It’s the first year of ESPN and MLB’s 8-year deal. So in light of the new arrangement, what can we expect when coverage kicks off this Sunday? Baseball Commissioner Bud Selig and ESPN president John Skipper spoke with reporters on a call Friday afternoon. Here are the highlights.

On Instant Replay: In Bud’s book, outside of “competitive balance,” (see below), Instant Replay on ESPN is the most exciting thing to happen this season. “I was at one time not in favor of it, and I watched in Spring Training,” he said. “I think it will have an effect not only on our fans but on television… I’m going to be anxious to see how well it plays.”

On Competitive Balance: Selig said the league has more of it than ever, and lauded the fact that all 30 teams will get some coverage on ESPN this year. “And there will be a lot of teams on at different times,” he said. “The ESPN schedule will manifest what’s going on in the sport, and that is that we’ve got a lot of teams that are very competitive and therefore will be on television.” Maintaining that balance from a broadcasting standpoint is important to Skipper, for the sake of the fans: “We and the league have both talked about making sure that fans get a chance to see every team nationally during the regular season,” he said.

On Added Coverage: Expect a lot more baseball. Skipper said the network could do as many as 101 games this year, thanks to the new deal. “We’ve agreed in the new deal for the league to be very flexible about getting games added to the schedule in the last couple of weeks so that fans nationally can see the contenders coming down the home stretch,” he said. Starting this season, ESPN is in for the postseason. It will televise a Wild Card game and all tie-breaker games. Now that every team gets a shot on the network, Sunday Night Baseball will become the destination for marquee teams, Skipper said. The goal is to achieve a balance with those big matchups and the smaller markets, which should attract “a big, broad national television audience” and then “expose that audience to more teams.” There will be more games on holidays: Memorial Day, 4th of July and Labor Day.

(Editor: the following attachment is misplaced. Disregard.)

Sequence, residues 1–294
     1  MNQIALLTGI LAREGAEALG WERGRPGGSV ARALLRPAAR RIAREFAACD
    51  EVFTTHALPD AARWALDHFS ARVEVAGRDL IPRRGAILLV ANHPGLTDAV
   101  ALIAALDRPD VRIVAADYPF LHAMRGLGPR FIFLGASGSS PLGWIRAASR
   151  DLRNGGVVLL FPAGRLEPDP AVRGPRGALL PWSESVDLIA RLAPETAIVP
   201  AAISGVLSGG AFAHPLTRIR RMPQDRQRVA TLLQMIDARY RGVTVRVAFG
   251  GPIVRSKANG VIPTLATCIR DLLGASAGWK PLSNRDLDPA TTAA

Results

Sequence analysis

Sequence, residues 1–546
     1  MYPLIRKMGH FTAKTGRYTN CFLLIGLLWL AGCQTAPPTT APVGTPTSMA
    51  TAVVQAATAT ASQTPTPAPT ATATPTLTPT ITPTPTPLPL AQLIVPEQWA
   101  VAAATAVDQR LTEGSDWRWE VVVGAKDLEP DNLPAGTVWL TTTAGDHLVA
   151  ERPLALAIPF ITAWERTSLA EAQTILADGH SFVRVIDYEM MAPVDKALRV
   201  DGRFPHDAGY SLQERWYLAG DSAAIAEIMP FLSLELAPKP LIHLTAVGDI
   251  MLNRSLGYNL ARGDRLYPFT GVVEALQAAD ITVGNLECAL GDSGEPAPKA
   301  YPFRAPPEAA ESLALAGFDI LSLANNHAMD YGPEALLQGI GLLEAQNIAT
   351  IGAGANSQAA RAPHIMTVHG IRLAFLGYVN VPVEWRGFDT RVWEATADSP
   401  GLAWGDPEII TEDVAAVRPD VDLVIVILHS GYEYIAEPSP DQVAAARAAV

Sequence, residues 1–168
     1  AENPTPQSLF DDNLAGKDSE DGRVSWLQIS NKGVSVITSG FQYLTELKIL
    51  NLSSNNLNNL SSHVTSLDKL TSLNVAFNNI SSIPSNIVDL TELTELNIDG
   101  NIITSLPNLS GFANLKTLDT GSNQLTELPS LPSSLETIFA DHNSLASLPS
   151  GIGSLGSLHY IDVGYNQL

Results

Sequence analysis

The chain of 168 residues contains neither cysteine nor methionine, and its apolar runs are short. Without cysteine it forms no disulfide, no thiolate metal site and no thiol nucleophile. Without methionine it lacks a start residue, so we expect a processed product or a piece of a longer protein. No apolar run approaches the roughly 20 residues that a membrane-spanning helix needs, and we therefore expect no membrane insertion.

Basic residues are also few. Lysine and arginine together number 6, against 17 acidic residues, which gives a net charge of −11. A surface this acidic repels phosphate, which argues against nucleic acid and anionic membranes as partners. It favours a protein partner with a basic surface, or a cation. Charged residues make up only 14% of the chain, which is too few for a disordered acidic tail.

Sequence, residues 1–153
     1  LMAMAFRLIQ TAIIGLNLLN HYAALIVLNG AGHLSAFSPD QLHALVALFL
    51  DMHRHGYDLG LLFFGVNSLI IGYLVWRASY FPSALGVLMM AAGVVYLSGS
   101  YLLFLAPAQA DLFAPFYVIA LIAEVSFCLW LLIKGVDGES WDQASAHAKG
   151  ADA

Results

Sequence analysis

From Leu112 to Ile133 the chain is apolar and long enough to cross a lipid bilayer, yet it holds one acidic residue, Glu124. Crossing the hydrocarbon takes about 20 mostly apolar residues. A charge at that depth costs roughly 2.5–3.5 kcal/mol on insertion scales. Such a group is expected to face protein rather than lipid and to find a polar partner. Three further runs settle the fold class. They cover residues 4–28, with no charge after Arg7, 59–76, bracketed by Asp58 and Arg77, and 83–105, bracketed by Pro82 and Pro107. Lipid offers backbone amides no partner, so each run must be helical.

On Derek Jeter: Selig couldn’t say enough about the soon-to-retire Yank, calling him “the ultimate ambassador for baseball.” Jeter’s final season will certainly be played up by the league and the network. “You couldn’t have done any better as a human being the last 20 years relative to this sport than Derek Jeter has done,” Selig said. Skipper added that the network will “document every second” of whatever Jeter and Selig decide to do on that front. Moreover, Skipper is thrilled about the combination of Jeter’s retirement and the young talent currently in the league. “The opportunity to document Derek Jeter’s last season while we have all these great young players” is something that will set this year apart, he believes. “I think it’ll be a real chance to highlight that unique feature of baseball,” he said.

On the Dodgers Net: With SportsNet LA the only network offering Dodgers’ games in the Los Angeles area, consumers without Time Warner Cable will experience blackouts instead of games. The execs had little new to add on the subject. Addressing this concern, Selig said, “I have faith in all the parties that they will work their problems out.”

On MLB’s Blackout Policy: Selig called it fair, adding that in his opinion it happens in “very, very limited areas.” His goal: “to protect the local market and the local television carriers… Local clubs make local deals, and therefore, after all, they’ve made a deal, and it’s up to us, both morally as well as economically, to protect that deal.” But he did say that the league continues to work on the policy.

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